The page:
Thursday, 29 March 2012

Baby Love

I'm going to write about something I have been thinking alot about recently. 

Ava turned 6 months yesterday and it got me to thinking about when she was born. About those first few weeks and about how hard they were. 

Particularly as things are going so well right now. She's amazing. She giggles ALL day, she can entertain herself for a reasonable amount of time to let me get the odd thing done around the house and she really is just the most adorable, gorgeous, cute and amazing little thing I have ever met.

But I didn't always feel this euphoric about her presence. When she was first born I loved her. There's no doubt about that. But in a different way. In a sort of biological, animal, protective way. I cared for her. Fed her. Looked after her. I cried when she cried. And I hurt when she hurt. And I did everything in my power to stop her crying. And to stop her hurting. 

We had a rough first few weeks when she had bad colic and I spent many days treading the floor with her. Trying to soothe her. To stop her crying and to make her feel better.

But the love I feel for her now is so different to what it was back then. It's grown every single day. Become more powerful. And I finally have that overwhelming rush of pure, helpless love that everyone talks about. 

But it didn't come straight away. 

I loved her. Yes. But it was a kind of functional love. I was tired, emotional. Pregnancy and then labour had shaken my hormones up like a snow globe (my boyfriends analogy, but a good one). Everything was still settling back down again. I couldn't stand to see her hurting. But I was so tired I was almost robotic. 

Feed. Change. Soothe. Wake in middle of night. Feed, change, soothe. So on and so forth. 

I did what I had to do but I didn't feel like I could properly connect with her whilst she was so distressed.

I remember my Mum asking me about feeling 'lucky' and the absolute sadness I felt inside when my reaction wasn't the expected one. She told me about how she used to pinch herself when I was a baby. Because she just felt so lucky. And I didn't have that. Of course I felt blessed. But I didn't feel 'lucky'. She was my baby. I cared for her deeply. But she was here through biology. Not luck.

I cried every day for about two months. I remember countless conversations with my boyfriend where I was convinced my baby didn't even like me. I convinced myself that she settled better when she went to him. That she cried less. Looking back he'll confirm that this was in my head. 

Now? Now I feel like the luckiest person in the world. Ever since her colic cleared up my feelings for her have grown stronger and stronger with each day that passes. Sometimes I'm overwhelmed by the power of my feelings. Of how strongly I care for her. So much so, that sometimes I do the macabre parent thing of trying to imagine if she was taken from  me. If something terrible happened. But I can't allow myself to explore the thought for anymore than a few seconds. I can't see the horrible fantasy through. Because its just too awful to bare thinking about.

I have some kind of kissing disease. I kiss her warm, smooth head about a million times a day. 3 times as I carry her from her crib after she wakes from her nap. 9 times as she is jiggled on my lap as I do my online banking. Another 12 times whilst I feed her lunch. I've had to stop kissing the top of her head so much as my lipgloss was leaving a gooey, oily slick on the top of her head. Took us ages to work out what that was.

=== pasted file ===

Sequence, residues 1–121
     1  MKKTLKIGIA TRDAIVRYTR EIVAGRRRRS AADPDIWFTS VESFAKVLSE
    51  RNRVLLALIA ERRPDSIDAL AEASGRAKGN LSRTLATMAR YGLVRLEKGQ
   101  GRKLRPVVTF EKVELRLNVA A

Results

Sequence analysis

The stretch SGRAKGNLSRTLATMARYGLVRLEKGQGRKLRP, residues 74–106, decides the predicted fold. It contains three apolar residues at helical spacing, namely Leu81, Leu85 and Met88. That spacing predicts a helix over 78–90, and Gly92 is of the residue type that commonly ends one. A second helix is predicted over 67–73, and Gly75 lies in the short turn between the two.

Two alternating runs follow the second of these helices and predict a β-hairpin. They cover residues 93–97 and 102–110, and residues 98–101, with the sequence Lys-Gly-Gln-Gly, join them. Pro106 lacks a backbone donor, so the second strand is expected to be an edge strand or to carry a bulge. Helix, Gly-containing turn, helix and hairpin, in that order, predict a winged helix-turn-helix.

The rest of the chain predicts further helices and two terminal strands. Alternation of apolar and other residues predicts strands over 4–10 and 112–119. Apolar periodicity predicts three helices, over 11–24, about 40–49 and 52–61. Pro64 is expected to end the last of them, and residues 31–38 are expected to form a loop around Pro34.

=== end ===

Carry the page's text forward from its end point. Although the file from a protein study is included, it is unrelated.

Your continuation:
Did I have post-natal depression? No. I really don't think so. But I think it can be really difficult to connect with your baby when they are in so much pain. I would never have hurt her. Would have kneecapped anyone who did. But I just wanted her to stop crying. NEEDED her to stop crying so I could bond with her a little better.

And at 9 weeks old she did. The colic just sort of disappeared on it's own. And we started to really get to know each other. I discover new things about her every day. She's cheeky. She hates getting her face wiped. She loves rolling around with her nappy off. And she's alot smarter than she would have you believe.

And now?

Now I just don't function without her.


Unknown said...

This is one of the loveliest blogs I have ever, EVER read.

Ava is a beautiful little girl and the fact she's such a happy baby is only a reflection of the world you and her Dad have created for her.

You're an amazing Mum - and one day she'll tell you that.


Dawn Young said...

Your comment just made me cry a lil bit! xxxxxxxxxxx

Unknown said...

Awwwwww!! Don't cry! xx

Unknown said...

This was such a lovely read. I don't have any children but I could imagine feeling the exact same thing you did when your baby had colic! It must have been so stressful but look at your both now! Ava is beautiful! xx

Dawn Young said...

Thank you! :)

And if you do ever have a baby with colic, remember this post and that it does get better haha! xx

Hannah said...

What a lovely post! I admire your honesty but I'm also glad that you managed to work through those difficult early days and come to a better place.
I think if we're honest - parenting does go in cycles like that over the years but people don't tend to talk about it.
I especially loved the bit about kissing disease lol and your header photo is beautiful!

Dawn Young said...

Thank you :)

It's only since I have become so honest about how hard it can be sometimes that I have found out that we all go through exactly the same! It's probably why so many mothers question how good a parent they are. Because nobody talks about the bad stuff!


Adele said...

This was such a wonderful read, I really enjoyed :)
Would love you to stop by my blog & check out my latest outfit post!
Happy Tuesday hun xoxo

Dawn Young said...

I shall do so :) x